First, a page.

Lichtenstein warrant affidavitOCR.pdf

There’s a lot of the inevitable results of may-issue laws in here, but also, this:

In Lichtenstein’s wallet was an NYPD detective shield with the word “Liaison” imprinted on it, even though Lichtenstein has no official role as an NYPD liaison.

Also, the guy mentioned above with the criminal record and the carry license?

In October 2013, a complainant reported to the NYPD that Lichtenstein was able to use his connections to get a gun license for License Holder-1 despite License Holder-1’s history of domestic violence. The NYPD license division was responsible for investigating this report. License Holder-1’s file includes two unsigned letters that appear to be drafts, one in which [his] license was revoked and one, from approximately one week later, in which it was reinstated. The second draft letter suggested that License Holder-1 contact Sergeant-1 with any questions. License Holder-1’s file reflects no further investigation conducted as a result of the complaint, and License Holder-1’s Full Carry License remains active.`

When you give the police arbitrary powers, you also empower characters like this.

Wednesday Weapons Website of the Week: Winter Soldier

winter_soldier_dot_com2In early 1971, a series of strange gatherings were held by the Vietnam Veterans Against the War and allied and fellow-traveler groups. In case you were curious about the orientation of these groups, they tended to include such broad-based elements as the Veterans of the Abraham Lincoln Brigade and were sponsored by such broad-based entities as a radical Unitarian church in LA.

OK, so maybe not so broad-based.

Although they did try to bring out active duty GIs by promising free beer and loose women, on the theory that having real draftees among them boosted their authenticity.

Their gatherings included mock “attacks” and good old Marxist/Leninist “street theater,” but the flagship enterprise of the VVAW was the Winter Soldier Investigation, an imitation court-martial in which ragged, scruffy, long-haired veterans vied with one another to tell the most over-the-top tales of atrocities and misconduct in Vietnam.

In 2004, interest in the VVAW (which still existed, in true Communist fashion, as two bitterly feuding factions, which we recall as the VVAW-Marxist/Leninist and the VVAW-Anti-Imperialist, but we might have the lefty cant wrong) rose again because of the Presidential candidacy of former VVAW figurehead John Kerry. Kerry had used the VVAW to launch himself on the trajectory that would bring him into the Senate in the Watergate Class of 1974.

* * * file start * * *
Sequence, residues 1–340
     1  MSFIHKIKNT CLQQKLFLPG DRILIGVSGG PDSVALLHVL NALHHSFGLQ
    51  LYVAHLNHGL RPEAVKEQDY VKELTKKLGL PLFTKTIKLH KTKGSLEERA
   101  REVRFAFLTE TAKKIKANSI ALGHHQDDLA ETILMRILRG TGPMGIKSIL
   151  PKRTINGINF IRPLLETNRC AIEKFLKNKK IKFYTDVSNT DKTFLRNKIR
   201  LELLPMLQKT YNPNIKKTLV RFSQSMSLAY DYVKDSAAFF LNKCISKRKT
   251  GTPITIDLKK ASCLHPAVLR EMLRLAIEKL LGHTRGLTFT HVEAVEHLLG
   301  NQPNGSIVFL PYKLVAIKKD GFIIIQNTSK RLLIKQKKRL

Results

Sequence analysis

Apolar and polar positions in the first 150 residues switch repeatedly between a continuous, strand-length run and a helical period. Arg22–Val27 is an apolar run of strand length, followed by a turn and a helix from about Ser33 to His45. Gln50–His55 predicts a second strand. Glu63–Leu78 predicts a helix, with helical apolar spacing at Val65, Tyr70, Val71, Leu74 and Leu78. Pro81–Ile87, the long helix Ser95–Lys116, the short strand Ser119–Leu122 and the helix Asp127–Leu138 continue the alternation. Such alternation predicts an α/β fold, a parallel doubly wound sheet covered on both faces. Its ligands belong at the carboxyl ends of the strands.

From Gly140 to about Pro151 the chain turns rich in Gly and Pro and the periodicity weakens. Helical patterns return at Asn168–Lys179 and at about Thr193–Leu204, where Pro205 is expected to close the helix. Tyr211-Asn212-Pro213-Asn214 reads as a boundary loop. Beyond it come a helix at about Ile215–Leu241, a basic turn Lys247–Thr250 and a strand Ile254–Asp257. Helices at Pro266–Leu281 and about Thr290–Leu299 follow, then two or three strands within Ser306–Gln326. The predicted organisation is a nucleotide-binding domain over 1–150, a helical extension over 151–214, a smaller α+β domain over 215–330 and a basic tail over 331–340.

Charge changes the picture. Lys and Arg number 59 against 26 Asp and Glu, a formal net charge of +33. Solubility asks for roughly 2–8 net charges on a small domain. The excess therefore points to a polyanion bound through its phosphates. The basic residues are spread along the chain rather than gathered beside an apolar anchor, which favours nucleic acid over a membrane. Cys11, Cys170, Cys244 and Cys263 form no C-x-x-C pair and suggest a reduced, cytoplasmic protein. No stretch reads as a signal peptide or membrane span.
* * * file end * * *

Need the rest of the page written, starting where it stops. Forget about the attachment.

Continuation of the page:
At the time, Vietnam veterans and historians went looking for the original Winter Soldier documents, only to find there were very few to be found — Kerry’s minions had been buying 30-year-old copies of the Daily World and Daily Worker, and a book that was published with photographs of the young soi-disant Heroes who Spake Truth to Power.

In 2004, Scott Swett and a small team assembled all obtainable VVAW documents and records into a website, and Scott was instrumental in inspiring the formation of the Swift Boat Veterans for the Truth (later, the Swift Boat Veterans and POWs for the Truth). Mostly, this is all a footnote to history now, but the archive that Scott so painstakingly gathered over 10 years ago remains on line at

It is full of fascinating findings. The Army commissioned an actual investigation of the atrocity claims from Winter Soldier and was able to establish only one. 

More of the claims smelled bad, then and now. One SF weasel, a guy named Don Pugsley who had never deployed to combat because he was seriously injured in a helicopter crash during in-country reconnaissance training, told a story of a helicopter machine-gunning water buffalo. Placed under oath, his story withered away like the state was supposed to do under Marxism: no, he’d heard a guy talking about some U/I LTC ordering a chopper crew to shoot waterboos, which the crew then did not do. That wasn’t the way he’d told the story in Detroit, but, he wasn’t under a real oath in Detroit.

(Pugsley, the anti-military protester, would reinvent himself later as a gung-ho SF guy and join 19th Group in California, where he rose to be a company sergeant major, and, we are not making this up, a guy who consulted for Hollywood on combat. But he was still a weasel).

Another SF-claiming guy, Paul Withers, threw his medals down and said he had won: